Victims are often advised the investment is of little to no risk but offers high profit returns and is a limited opportunity. This places pressure on you to make a decision quickly to remove the opportunity to conduct thorough research on the investment for the fear of missing out.
Cryptocurrency is a highly volatile investment and Qudos Bank encourages all investors to do their own due diligence and research prior to investing. If you are receiving financial advice from a third party, it is recommended to ensure that the broker or investment manager holds an Australian licence to provide financial advice and represents a reputable registered company.
To assist consumers in making sound investment decisions, consumers are encouraged to visit the 'Check before you invest' website and check the investment details on the 'Investor Alert list' issued by ASIC which is available on the MoneySmart website.
Before transferring funds, consumers are reminded to:
Stop: Take a minute and ask yourself, could this be a scam?
Think: Does this seem too good to be true? Am I being placed under pressure to act quickly?
Review: Verify the information being supplied to you is genuine via an independent source. If something appears off, contact Qudos Bank and immediately cease communication with the third party.
Similar to a Crypto-Rom, below are the warning signs of an investment scam:
- Unexpected contact – this could be through phone, email, social media, or text message. The scammer will pretend that they’re an Investment Manager or Broker.
- Fake advertisements and celebrity endorsements – you may see increased ads from influencers/celebrities you recognise on social media platforms, recommending investment opportunities with guaranteed returns and quick profits.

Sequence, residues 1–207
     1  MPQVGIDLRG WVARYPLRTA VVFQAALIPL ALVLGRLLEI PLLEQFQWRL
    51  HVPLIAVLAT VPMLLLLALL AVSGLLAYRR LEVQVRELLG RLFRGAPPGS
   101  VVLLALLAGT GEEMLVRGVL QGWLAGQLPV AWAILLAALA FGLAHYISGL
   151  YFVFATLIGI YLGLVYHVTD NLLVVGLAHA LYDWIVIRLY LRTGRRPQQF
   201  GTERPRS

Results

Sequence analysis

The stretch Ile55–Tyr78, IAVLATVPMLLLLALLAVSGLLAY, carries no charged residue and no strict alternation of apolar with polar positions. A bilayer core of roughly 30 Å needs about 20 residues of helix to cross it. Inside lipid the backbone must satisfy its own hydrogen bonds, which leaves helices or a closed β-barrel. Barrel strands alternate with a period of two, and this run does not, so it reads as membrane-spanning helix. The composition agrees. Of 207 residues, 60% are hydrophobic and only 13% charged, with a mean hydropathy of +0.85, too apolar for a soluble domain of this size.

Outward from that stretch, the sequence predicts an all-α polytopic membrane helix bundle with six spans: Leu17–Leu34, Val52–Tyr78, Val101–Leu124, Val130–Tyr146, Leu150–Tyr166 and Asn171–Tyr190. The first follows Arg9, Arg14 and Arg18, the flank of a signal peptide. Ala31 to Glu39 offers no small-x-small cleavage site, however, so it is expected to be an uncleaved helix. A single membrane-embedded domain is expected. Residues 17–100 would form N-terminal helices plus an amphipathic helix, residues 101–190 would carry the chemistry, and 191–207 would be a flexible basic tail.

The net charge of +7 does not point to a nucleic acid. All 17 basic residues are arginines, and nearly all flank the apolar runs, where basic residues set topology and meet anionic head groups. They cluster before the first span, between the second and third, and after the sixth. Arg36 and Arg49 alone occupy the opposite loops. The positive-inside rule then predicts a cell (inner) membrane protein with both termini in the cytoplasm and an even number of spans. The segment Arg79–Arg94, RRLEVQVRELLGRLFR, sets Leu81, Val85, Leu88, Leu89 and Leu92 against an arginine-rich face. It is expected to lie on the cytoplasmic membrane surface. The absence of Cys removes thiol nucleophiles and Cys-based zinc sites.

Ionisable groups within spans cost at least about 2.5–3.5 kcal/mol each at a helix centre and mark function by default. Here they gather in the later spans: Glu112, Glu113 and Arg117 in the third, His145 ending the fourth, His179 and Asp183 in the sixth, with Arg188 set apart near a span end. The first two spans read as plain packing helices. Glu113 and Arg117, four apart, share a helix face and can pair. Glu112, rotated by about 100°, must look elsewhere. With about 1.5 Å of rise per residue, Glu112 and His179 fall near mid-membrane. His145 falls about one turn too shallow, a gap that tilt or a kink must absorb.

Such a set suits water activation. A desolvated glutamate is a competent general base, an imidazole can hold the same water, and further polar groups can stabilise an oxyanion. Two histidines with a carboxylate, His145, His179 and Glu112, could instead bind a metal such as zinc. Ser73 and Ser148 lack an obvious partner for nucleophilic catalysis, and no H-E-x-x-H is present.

- You receive pressure to act immediately – the scammer will try to convince you that it is a limited offer that will not last and you need to take immediate action before missing out.
- You are asked to pay a deposit or overseas taxes or duty prior to being able to make a withdrawal.
Before deciding to invest:
- Visit the 'Check before you invest' page on the ASIC Moneysmart website and ensure any third parties offering financial advise are licensed to do so
- Always be cautious of social media advertising and celebrity endorsements promoting products or investments.
- When searching for the token or crypto exchange name on Google or any other search engine, add the word ‘scam’, ‘review’ or ‘warning’ to find out if you’re getting scammed.
- Review websites thoroughly – it’s important to check and independently verify via multiple sources the company’s details, including the addresses and phone numbers. Pay attention to mistakes and be wary of promotions that promise large profits.
- Be wary of requests asking for payment in crypto – if you’re asked for payment in crypto from a romantic partner, recruiter or online acquaintance, it’ll most likely be a scam.
- Remain on high alert for investment opportunities that use terms such as 'high returns' or 'low risk'.
Keep scam safe
Education and due diligence is key to preventing you falling for sophisticated scams. Our Fraud & Security hub contains information and external resources about the different types of scams and can be found on our website. If in doubt, it is best to cease communication with the third party, conduct independent research and contact Qudos Bank for further information.
Before acting on the information, consider its appropriateness to your circumstances.
The information in this article is of a general nature and has been prepared without considering your objectives, financial situation or needs. Before acting on the information, consider its appropriateness to your circumstances.
ACCC’s Scamwatch. 2023. “Scam statistics.” https://www.scamwatch.gov.au/research-and-resources/scam-statistics
Qudos Mutual Limited trading as Qudos Bank ABN 53 087 650 557 AFSL/Australian Credit Licence 238 305.
Published 5 February 2024